Flanked by secret service, Selina Meyer (Julia Louis-Dreyfus) continues to consult staffers (Matt Walsh, Anna Chlumsky, and Tony Hale) on an elevator ride to a public function.

Like them, "Veep" is set in the world of politics and relies on fast, filthy dialogue. Not to be confused with HBO's Sarah Palin telemovie Game Change, "Veep" centers on Selina Meyer (Louis-Dreyfus), an already elected fictional vice president of the United States. At all times, Selina is surrounded by advisors, aides, and secretaries, who whisper information in her ear, prepare her for situations, and attempt to maximize impact and minimize fallout from her every documented action.

The dialogue-heavy presentation and all-work focus take some getting used to, but "Veep" entertains from square one, establishing characters and rhythms. Despite the setting and unlike many decorated recent HBO telemovies, this is not a politically biased series. We know that Hollywood leans left and for that matter so does most of the entertainment industry worldwide,
but this series' laughs stem from nonpartisan gaffes (Selina's party affiliation is never identified) and high-pressure workplace interactions.

Iannucci is endlessly fascinated by all the drama and deliberation behind the confident appearances and carefully calculated maneuvers that the general public sees. He and his few fellow writers (all of whom also follow from Loop and "Thick") do not give us the sitcom version of politics. The issues and concerns are realistic, only played for comedic effect with snappy, frequently off-color banter. The result is like a lighter "The West Wing" or an even dryer, less silly version of "Parks and Recreation" without the first-person addresses (but with some supporting cast members in common). The show holds politicians up to a comic microscope, commenting on just how coached and counseled they are to pretend to remember the family make-ups of infrequent colleagues or fake knowledge and interest in professional sports.

Vice President Selina Meyer (Julia Louis-Dreyfus) gives a calculated speech to a hospital hall of injured citizens in HBO's "Veep." Three of the VP's closest staffers (Anna Chlumsky, Matt Walsh, and Reid Scott) fear for their jobs.

As she has shown in her "Curb Your Enthusiasm" guest appearances, Louis-Dreyfus is comfortable with TV-MA dialogue and fast, creative comedy based more on moments and at least partly improvised exchanges than the high-concept, fully-scripted plots she had on "Seinfeld." "Veep" became the third comedy series to win Louis-Dreyfus an Emmy acting award and that stands as the series' biggest honor to date. Others around her, a mix of comedy veterans (like Upright Citizens Brigade founder Matt Walsh and "Arrested Development"'s Tony Hale) and up-and-comers (In the Loop's Anna Chlumsky, still best known from My Girl, and cable veteran Reid Scott), are equally capable at this game.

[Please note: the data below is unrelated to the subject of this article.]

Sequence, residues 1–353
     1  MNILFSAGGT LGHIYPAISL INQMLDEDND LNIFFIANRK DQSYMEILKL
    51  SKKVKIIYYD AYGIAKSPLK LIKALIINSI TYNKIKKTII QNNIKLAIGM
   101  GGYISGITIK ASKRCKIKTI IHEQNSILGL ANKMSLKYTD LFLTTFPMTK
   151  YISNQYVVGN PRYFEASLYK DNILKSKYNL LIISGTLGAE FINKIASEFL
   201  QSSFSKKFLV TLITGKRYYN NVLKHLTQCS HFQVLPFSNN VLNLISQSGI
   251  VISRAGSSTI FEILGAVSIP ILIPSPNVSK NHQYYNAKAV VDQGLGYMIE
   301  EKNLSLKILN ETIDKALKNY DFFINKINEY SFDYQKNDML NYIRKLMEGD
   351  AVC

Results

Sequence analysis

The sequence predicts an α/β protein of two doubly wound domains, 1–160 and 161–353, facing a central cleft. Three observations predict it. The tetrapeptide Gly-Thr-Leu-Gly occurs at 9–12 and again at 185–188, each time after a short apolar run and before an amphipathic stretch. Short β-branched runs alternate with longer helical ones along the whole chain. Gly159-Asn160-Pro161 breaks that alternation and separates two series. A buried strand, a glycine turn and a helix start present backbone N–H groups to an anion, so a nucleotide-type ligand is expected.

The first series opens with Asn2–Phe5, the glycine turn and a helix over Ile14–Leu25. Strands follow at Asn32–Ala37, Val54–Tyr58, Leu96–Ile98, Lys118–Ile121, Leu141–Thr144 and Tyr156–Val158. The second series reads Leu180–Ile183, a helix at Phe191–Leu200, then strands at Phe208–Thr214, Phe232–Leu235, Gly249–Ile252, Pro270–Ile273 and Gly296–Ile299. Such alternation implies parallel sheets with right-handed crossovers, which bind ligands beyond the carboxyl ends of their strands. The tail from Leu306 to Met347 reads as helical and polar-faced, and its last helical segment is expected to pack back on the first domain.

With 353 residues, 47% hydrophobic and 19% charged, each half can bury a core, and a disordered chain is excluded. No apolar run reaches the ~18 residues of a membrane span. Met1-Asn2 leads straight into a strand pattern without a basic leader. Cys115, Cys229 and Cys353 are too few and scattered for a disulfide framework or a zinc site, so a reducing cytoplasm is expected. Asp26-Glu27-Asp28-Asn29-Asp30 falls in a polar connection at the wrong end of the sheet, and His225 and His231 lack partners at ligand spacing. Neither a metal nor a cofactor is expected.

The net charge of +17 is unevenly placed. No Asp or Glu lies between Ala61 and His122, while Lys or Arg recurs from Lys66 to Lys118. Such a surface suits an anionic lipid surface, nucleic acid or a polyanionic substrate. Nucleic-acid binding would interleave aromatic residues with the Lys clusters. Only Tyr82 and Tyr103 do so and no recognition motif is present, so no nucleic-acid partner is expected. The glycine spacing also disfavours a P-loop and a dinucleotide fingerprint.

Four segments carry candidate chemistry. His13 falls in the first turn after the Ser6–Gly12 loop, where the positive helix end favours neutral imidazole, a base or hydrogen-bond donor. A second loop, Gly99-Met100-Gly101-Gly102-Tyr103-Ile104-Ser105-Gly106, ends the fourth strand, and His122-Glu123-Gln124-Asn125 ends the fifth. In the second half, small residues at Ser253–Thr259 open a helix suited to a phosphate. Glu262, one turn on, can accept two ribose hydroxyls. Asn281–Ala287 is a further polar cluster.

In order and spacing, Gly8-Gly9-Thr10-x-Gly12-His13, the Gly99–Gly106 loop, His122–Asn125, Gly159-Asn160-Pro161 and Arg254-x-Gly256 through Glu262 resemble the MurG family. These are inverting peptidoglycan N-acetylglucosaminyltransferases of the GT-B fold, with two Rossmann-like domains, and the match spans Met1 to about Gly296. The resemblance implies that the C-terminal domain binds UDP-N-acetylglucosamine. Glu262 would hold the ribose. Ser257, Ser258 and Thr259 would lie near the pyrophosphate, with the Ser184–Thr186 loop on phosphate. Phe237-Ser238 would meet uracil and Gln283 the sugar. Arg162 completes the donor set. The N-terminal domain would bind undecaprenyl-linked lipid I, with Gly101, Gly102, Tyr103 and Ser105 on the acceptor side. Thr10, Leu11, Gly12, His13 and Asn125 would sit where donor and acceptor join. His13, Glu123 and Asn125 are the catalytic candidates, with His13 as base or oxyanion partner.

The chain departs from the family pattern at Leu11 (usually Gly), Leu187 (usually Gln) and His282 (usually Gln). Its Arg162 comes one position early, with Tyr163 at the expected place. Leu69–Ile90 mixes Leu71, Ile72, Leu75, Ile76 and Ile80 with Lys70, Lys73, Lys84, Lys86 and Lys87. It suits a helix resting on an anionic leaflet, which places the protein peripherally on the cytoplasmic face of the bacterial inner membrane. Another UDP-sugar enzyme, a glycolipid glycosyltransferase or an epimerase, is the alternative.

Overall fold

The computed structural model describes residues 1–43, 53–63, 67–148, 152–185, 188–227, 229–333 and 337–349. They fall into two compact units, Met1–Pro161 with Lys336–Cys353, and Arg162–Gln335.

A few weeks before "Veep" returns to the air for Season 2, The Complete First Season hits DVD and the Blu-ray + DVD + Digital Copy combo pack reviewed here. While it seems like Blu-ray should have been able to fit the eight half-hour episodes and predominantly audio extras on one disc with no problem, this set fills two BD-50s close enough to capacity to easily justify the disc count. Plus, if you're unfamiliar with HBO home video releases, there are a number of nice, unusual touches adding to the data used here.

Gary (Tony Hale) dons a woman's coat to retrieve a mis-signed sympathy card from Jonah (Timothy Simons), the White House's tall, unpopular liaison to the VP, in the series premiere. An unwell Selina (Julia Louis-Dreyfus) poses for an unflattering photograph with the frozen yogurt store owner (Brent Jennings) who dedicates a flavor to her.

Disc 1

1. Fundraiser (29:17) (Originally aired April 22, 2012)
The plan to switch from plastic utensils to corn starch ones results in plastic industry dissent and a small speech turnout. A politically incorrect joke requires action.
A mis-signed sympathy card needs a fast-thinking fix.